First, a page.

Gallagher recently released our Introduction to Perfluoroelastomers White Paper, available for download on our site. This was written by Russell Schnell, a current contracted employee of Gallagher Fluid Seals, and more importantly, a former Senior Application Engineer with the Kalrez® perfluoroelastomer parts business at DuPont. The following is the third and final excerpt from the White Paper, discussing seal design and a cost-benefit analysis of using perfluoroelastomer seals.
Seal Design with Perfluoroelastomer Seals
Care must be taken when designing and using seals made of perfluoroelastomers. These elastomers typically have a higher coefficient of thermal expansion when compared to other elastomers; plus, they are often used at higher temperatures. If the seal gland design is not correct, seal extrusion will occur, resulting in seal failure. For example, a fluoroelastomer seal is scheduled for replacement with a perfluoroelastomer seal, due to high application temperatures. Shortly after this substitution, the FFKM seal fails due to extrusion. The probable cause is that the seal gland volume was too small to accommodate the thermal expansion of the high performance perfluoroelastomers, a factor that many of today’s seal design handbooks do not adequately take into account.
Continue reading Introduction to Perfluoroelastomers – Part 3
Gallagher recently released our Introduction to Perfluoroelastomers White Paper, available for download on our site. This was written by Russell Schnell, a current contracted employee of Gallagher Fluid Seals, and more importantly, a former Senior Application Engineer with the Kalrez® perfluoroelastomer parts business at DuPont. The following is the second excerpt from the White Paper, discussing the common industries in which perfluoroelastomer seals are used, and why.
Common Industries in Which Perfluoroelastomer Seals are Used and Why
In general, perfluoroelastomers are the most expensive elastomer seals specified in the marketplace; however they also provide the highest performance sealing service. As with any product, the selection of these products should be the result of a cost-benefit analysis.
Oil Processing Industry
One of the earliest uses of perfluoroelastomer seals was in the oil industry (down-hole). Seals used in down-hole oil applications required resistance to high temperatures and aggressive chemicals. Sour oil and gas, resulting from H2S, often caused swift degradation of fluoroelastomer seals. The ability of perfluoroelastomer seals to resist H2S was a major reason for their selection and use. Over time, as wells became deeper and deeper, the application temperatures increased. As a result, in addition to aggressive chemicals, better high temperature resistance was needed and FFKM seals provided that benefit. Finally, seals used in these applications must have an “acceptable” service life. Oil wells are expected to last for many years and a seal failure, especially during initial exploration results in lost time and great expense when down-hole equipment must be retrieved to repair a seal. So the important points for this industry are resistance to aggressive chemicals, high temperatures, and reduced chance of seal failure which can result in tremendous expense.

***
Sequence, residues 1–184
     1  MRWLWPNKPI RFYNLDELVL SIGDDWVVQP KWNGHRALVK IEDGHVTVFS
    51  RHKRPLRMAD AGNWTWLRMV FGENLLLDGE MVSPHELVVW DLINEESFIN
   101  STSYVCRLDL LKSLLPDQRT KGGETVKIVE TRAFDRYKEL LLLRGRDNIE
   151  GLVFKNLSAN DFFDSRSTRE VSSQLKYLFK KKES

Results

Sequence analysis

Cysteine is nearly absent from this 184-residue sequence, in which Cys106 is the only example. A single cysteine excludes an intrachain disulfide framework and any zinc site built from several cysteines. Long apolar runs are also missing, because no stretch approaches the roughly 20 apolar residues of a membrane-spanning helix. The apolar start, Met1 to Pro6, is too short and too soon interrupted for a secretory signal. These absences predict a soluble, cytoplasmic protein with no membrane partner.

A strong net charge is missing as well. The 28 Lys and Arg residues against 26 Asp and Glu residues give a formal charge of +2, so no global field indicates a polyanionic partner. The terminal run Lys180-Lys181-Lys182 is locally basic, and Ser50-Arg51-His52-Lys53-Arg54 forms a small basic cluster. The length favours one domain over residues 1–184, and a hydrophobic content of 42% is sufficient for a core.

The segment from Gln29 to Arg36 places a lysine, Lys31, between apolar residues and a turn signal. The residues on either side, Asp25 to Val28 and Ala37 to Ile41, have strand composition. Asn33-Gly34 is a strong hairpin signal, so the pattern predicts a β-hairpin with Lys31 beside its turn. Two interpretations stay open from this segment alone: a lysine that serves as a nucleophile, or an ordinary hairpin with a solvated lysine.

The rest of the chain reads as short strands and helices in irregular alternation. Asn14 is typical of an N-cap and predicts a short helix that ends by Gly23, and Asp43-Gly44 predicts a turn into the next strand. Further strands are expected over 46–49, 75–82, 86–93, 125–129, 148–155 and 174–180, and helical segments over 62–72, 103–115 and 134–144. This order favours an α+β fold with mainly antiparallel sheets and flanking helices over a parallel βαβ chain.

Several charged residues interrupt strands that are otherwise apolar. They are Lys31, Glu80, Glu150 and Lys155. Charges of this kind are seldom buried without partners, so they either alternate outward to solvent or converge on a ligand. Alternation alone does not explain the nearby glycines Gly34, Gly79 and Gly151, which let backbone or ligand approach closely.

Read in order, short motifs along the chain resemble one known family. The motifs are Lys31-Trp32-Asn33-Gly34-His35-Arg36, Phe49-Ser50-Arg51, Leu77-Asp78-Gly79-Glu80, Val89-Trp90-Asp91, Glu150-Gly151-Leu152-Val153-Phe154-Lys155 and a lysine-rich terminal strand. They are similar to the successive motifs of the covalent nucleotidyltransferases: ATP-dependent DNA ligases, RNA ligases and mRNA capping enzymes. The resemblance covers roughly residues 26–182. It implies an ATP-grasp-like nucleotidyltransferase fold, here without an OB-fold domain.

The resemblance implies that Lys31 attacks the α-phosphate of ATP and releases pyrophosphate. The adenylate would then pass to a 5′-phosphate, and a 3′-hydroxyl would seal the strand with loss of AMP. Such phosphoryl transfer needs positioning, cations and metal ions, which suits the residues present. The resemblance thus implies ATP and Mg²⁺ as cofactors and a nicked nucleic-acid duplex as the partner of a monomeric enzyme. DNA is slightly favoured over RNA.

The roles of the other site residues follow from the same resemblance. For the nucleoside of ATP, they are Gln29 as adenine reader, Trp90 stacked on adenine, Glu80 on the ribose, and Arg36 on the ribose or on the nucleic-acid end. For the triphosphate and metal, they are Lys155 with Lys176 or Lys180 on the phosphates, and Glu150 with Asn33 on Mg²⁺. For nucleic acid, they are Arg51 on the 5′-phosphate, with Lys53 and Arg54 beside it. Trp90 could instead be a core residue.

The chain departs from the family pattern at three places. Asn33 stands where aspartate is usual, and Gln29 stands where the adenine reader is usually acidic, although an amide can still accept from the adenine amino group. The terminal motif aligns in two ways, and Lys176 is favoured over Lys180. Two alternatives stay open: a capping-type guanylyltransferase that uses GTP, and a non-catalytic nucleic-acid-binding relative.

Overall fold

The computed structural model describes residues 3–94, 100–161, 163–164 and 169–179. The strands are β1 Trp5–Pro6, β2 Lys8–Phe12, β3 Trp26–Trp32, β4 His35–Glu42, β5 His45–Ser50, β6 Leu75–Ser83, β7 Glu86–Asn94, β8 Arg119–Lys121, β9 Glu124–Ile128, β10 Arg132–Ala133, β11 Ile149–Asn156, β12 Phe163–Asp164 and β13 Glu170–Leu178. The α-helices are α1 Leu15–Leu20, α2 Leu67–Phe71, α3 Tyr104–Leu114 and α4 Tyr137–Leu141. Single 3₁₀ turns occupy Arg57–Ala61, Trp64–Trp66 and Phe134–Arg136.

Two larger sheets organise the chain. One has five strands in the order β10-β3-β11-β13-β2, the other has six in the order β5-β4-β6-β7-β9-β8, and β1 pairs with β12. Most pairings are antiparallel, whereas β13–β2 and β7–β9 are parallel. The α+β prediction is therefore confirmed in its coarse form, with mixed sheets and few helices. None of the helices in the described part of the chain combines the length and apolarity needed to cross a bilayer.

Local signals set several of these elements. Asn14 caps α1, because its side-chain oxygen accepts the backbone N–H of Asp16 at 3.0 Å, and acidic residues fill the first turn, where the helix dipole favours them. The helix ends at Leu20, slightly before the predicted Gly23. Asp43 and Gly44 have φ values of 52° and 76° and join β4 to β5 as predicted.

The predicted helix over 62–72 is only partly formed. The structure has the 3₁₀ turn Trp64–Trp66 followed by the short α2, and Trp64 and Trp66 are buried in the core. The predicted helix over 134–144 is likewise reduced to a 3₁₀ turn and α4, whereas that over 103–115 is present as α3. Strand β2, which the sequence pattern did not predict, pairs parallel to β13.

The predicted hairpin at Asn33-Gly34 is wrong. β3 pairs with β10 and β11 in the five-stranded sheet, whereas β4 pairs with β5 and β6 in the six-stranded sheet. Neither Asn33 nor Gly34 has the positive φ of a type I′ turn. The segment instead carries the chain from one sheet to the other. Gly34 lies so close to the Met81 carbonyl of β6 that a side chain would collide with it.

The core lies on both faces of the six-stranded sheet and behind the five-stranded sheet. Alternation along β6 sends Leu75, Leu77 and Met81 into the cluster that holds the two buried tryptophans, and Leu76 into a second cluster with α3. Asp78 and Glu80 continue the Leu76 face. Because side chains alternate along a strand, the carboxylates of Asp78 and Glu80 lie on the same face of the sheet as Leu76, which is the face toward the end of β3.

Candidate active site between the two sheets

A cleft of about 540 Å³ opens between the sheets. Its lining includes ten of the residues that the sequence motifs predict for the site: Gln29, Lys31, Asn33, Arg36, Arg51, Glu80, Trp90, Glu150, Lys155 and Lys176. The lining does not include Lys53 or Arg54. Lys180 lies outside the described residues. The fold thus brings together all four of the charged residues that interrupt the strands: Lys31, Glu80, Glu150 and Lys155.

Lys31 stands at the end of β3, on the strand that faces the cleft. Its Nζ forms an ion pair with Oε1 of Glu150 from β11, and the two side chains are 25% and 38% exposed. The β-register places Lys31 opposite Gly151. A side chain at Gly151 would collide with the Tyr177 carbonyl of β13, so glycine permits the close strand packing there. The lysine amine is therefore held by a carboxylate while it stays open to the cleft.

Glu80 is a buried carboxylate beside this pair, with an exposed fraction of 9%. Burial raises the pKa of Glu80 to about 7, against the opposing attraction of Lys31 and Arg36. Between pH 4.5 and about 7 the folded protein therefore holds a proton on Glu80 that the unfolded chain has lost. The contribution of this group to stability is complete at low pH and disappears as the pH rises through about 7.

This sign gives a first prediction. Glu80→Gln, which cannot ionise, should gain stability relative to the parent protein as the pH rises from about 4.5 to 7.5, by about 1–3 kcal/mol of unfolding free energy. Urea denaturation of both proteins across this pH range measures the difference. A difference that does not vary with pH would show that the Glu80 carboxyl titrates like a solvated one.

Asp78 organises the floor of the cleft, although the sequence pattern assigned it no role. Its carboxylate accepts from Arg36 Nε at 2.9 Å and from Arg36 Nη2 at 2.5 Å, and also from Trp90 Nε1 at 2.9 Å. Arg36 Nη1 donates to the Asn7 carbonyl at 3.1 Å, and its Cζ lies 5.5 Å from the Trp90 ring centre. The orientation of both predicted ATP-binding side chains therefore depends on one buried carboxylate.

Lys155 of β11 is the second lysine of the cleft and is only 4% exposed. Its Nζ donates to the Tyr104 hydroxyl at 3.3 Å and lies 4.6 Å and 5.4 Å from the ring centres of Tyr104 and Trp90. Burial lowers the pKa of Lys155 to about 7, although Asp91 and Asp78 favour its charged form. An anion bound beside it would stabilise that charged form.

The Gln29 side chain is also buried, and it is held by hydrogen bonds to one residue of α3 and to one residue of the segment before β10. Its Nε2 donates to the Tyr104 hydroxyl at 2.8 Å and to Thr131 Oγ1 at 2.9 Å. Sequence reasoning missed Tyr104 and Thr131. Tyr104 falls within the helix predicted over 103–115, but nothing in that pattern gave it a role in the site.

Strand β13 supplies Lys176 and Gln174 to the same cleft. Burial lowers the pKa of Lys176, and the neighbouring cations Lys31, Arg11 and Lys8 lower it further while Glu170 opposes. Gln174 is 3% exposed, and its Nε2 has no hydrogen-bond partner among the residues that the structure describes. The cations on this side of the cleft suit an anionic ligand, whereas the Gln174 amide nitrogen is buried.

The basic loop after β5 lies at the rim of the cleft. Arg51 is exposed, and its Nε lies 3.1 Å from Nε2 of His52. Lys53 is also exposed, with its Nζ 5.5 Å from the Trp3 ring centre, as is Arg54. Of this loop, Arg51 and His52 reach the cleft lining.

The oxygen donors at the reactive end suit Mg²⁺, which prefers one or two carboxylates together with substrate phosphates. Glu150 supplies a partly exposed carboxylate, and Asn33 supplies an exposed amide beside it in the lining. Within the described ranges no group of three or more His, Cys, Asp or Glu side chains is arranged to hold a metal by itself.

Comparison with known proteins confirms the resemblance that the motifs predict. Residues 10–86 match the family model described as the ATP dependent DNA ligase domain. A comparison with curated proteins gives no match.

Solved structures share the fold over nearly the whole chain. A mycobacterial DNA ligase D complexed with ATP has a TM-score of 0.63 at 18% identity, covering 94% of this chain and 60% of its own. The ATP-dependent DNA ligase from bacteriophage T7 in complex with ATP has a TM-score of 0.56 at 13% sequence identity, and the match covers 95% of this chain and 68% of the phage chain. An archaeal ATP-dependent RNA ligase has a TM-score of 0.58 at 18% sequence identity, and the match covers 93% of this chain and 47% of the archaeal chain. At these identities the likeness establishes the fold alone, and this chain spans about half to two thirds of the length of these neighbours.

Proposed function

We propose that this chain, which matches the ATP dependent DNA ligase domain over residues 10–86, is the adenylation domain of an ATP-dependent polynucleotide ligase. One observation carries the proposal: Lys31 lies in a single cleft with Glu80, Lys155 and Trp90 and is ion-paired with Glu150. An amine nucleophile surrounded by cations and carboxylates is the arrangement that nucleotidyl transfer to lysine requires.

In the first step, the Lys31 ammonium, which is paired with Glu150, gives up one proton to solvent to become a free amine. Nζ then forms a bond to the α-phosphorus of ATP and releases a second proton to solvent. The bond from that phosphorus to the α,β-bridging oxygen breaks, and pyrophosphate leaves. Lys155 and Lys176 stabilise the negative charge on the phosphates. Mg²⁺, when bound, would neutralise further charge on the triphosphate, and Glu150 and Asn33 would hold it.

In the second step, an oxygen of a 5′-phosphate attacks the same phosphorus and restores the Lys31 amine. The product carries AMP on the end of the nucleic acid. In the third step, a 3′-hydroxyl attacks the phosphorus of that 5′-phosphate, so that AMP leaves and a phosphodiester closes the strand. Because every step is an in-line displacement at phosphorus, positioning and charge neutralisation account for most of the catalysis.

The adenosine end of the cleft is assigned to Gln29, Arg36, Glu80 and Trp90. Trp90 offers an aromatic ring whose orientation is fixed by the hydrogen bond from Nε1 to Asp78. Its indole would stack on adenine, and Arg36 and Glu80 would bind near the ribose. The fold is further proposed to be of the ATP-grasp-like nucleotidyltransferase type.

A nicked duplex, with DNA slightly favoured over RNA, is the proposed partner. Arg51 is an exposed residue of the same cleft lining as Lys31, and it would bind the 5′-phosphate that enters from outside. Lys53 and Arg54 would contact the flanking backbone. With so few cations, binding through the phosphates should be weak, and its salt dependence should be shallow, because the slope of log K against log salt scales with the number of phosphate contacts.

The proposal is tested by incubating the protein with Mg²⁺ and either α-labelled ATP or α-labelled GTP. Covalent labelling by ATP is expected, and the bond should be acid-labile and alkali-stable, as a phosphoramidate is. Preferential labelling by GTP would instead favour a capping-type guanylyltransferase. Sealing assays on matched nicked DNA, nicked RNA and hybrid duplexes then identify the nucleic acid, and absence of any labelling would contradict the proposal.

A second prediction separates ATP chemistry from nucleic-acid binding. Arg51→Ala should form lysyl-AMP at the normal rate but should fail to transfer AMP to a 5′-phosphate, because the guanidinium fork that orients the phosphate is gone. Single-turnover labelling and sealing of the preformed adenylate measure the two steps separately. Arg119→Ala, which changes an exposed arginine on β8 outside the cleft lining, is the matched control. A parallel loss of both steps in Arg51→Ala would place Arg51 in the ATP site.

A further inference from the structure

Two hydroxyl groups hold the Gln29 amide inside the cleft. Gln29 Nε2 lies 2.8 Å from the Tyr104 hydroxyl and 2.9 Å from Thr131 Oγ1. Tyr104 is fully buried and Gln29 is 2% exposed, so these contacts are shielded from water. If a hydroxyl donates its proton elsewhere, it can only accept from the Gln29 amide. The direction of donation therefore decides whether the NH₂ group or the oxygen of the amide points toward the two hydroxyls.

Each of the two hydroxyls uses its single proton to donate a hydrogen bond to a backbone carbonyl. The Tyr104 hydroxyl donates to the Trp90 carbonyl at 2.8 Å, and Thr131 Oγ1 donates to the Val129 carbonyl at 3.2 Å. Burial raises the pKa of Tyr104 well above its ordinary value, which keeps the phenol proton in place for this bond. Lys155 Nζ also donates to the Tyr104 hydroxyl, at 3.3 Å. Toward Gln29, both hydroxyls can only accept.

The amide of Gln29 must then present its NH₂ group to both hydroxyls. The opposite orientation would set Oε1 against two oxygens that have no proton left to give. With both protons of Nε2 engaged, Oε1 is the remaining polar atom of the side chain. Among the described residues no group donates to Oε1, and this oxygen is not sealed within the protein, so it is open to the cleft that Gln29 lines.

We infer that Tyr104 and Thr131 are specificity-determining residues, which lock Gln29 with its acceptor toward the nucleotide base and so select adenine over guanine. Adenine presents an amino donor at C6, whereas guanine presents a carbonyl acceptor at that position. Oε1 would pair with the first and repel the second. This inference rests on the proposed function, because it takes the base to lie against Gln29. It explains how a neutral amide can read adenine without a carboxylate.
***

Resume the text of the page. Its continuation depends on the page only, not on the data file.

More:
Continue reading Introduction to Perfluoroelastomers – Part 2
Gallagher recently released our Introduction to Perfluoroelastomers White Paper, available for download on our site. This was written by Russell Schnell, a current contracted employee of Gallagher Fluid Seals, and more importantly, a former Senior Application Engineer with the Kalrez® perfluoroelastomer parts business at DuPont. The following excerpt is the first section of the White Paper, discussing the history or elastomers and perfluoroelastomers, and the chemistry that helped create these modern materials.
Introduction to the World of Perfluoroelastomers
The use of elastomers is widespread in our world. Elastomers have many uses including: sealing fluids, for tires, in chemical plants, in semiconductor manufacturing equipment, for dust and moisture seals on cell phones, and seals on aircraft engines. The function of the elastomer and technology involved can vary from something as simple as a barrier to rain water, to seals in automobile engines, to critical sealing applications on the Space Station. Selection of the correct elastomer in an application is very important for successful and long term equipment operation. Although many different elastomers exist in the marketplace, when the highest service performance is needed, in terms of chemical and high temperature resistance, the choice is perfluoroelastomers.
A perfluoroelastomer can be represented by the letters: FFKM or FFPM (ASTM and ISO designations, respectively). The word itself has two parts, perfluoro (meaning fully fluorinated), and elastomer. Perfluoroelastomers exhibit many properties similar to PTFE (polytetrafluoroethylene), which is also fully fluorinated and considered inert to almost all solvents. PTFE is often referred to as Teflon®, which is a registered trademark of The Chemours Company. PTFE is a plastic, and when compressed, will not recover to its original shape. However, elastomers contain crosslinks, which act as springs to give the material resiliency and the ability to recover after a part has been compressed. This resistance to permanent compression (compression set) gives the material the ability to maintain a seal over time. Finally, while whereas plastics are crystalline, elastomers are amorphous at room temperature; they can be easily compressed and will mold themselves to maintain a seal. Given the chemical structure and performance similarities of FFKMs to PTFE, perfluoroelastomers are sometimes referred to as an elastomeric form of PTFE.
Continue reading Introduction to Perfluoroelastomers – Part 1